“Begin each day by telling yourself: Today I shall be meeting with interference, ingratitude, insolence, disloyalty, ill-will, and selfishness – all of them due to the offenders’ ignorance of what is good or evil. But for my part I have long perceived the nature of good and its nobility, the nature of evil and its meanness, and also the nature of the culprit himself, who is my brother (not in the physical sense, but as a fellow creature similarly endowed with reason and a share of the divine); therefore none of those things can injure me, for nobody can implicate me in what is degrading. Neither can I be angry with my brother or fall foul of him; for he and I were born to work together, like a man’s two hands, feet or eyelids, or the upper and lower rows of his teeth. To obstruct each other is against Nature’s law – and what is irritation or aversion but a form of obstruction.”

Then I began thinking of the challenges I may have to face during the day and which of the 4 cardinal virtues (once again, courage, equanimity, self-control and wisdom) I’d be called to employ.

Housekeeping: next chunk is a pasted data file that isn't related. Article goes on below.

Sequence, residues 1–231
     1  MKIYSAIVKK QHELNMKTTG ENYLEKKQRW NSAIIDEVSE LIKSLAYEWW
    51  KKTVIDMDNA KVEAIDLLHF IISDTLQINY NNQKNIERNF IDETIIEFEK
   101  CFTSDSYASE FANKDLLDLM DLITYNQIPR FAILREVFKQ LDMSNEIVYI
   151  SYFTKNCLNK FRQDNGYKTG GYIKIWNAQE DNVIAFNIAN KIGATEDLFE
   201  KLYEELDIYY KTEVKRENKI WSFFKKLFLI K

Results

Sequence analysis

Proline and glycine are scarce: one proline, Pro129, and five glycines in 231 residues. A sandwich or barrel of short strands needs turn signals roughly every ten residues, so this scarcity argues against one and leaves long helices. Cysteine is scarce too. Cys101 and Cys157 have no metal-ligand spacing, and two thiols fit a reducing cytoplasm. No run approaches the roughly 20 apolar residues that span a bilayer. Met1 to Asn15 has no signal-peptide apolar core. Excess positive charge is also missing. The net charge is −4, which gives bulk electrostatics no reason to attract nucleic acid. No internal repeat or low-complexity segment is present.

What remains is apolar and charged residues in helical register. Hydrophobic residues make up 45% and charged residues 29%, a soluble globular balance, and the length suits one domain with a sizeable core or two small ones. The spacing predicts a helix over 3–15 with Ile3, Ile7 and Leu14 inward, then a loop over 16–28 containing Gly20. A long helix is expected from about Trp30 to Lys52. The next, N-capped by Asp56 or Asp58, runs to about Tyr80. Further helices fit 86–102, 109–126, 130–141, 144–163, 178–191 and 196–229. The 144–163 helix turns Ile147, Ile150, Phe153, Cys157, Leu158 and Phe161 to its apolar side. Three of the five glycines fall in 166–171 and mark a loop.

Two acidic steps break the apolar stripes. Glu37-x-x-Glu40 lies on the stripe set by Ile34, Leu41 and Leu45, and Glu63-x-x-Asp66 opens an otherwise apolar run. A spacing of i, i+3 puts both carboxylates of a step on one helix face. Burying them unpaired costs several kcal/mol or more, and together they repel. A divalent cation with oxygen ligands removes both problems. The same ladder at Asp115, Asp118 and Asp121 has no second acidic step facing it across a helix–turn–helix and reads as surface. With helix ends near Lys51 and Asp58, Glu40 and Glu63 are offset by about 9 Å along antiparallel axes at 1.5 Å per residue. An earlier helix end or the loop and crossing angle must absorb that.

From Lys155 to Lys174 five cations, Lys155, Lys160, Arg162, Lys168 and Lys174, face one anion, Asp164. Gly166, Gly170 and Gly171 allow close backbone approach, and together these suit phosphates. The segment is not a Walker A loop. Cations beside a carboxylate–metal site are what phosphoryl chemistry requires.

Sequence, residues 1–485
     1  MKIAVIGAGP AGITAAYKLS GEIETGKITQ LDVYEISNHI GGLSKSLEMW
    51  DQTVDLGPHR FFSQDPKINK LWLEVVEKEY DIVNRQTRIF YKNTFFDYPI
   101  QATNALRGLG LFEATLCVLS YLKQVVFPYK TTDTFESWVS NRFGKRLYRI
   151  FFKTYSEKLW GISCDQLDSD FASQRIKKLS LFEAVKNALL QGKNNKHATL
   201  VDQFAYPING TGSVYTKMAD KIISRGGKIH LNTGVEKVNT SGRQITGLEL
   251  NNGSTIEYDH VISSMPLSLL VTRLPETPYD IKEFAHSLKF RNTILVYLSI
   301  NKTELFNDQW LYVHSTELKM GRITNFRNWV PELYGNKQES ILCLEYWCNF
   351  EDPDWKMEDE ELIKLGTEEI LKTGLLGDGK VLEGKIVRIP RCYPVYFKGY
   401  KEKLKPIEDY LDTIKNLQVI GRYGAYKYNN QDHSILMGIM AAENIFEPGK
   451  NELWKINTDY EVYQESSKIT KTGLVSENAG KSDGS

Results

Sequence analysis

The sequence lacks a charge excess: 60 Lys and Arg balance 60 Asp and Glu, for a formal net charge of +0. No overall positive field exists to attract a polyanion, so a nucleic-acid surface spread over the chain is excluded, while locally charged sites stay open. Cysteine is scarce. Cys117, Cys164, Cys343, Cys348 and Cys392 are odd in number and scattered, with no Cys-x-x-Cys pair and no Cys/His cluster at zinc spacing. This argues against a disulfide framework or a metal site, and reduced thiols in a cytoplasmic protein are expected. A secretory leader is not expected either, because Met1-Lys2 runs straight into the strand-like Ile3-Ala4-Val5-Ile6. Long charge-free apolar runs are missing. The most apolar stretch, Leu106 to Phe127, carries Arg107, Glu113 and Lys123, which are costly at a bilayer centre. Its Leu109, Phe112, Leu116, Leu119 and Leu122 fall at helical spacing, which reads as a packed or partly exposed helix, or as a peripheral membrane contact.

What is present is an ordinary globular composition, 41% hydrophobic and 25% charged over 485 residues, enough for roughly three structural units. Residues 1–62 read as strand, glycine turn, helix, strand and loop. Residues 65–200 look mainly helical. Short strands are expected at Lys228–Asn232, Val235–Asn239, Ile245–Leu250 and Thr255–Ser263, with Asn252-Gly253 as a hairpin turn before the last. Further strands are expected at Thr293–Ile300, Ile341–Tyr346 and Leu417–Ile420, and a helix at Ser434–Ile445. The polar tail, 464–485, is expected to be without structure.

After this I engaged in an exercise called Hierocles Circles, which is a stoic form of cosmopolitanism, through the use of concentric circles. Hierocles describes individuals as consisting of a series of circles: the first circle is the human mind, next comes the immediate family, followed by the extended family, and then the local community. Next comes the community of neighbouring towns, followed by your country, and finally the entire human race. Our task, according to Hierocles was to draw the circles in towards the centre, transferring people from the outer circles to the inner circles, making all human beings part of our concern.

Then I passed to “premeditatio malorum”, a technique of contemplating potential misfortunes in advance. I imagined minor and major “catastrophes” (one being going without sleep for days, should I choose to stop taking sleeping pills and go cold turkey). I focused on that fundamentally it would not change myself and my self-worth (although cosmically I don’t prescribe to the idea I would hold any intrinsic value).

After this exercise, which lasted a good half an hour as I am a novice to the game, I read the writings of Epictetus.

I am sure, as with everything, it will take time, to apply and re-apply and get back on it, if or when I fall off the bandwagon (the emphasis being on when here).

But for now, I am happy and pleased I have taken yet another step towards total freedom of disturbance.


Stoic meditation by the fireplace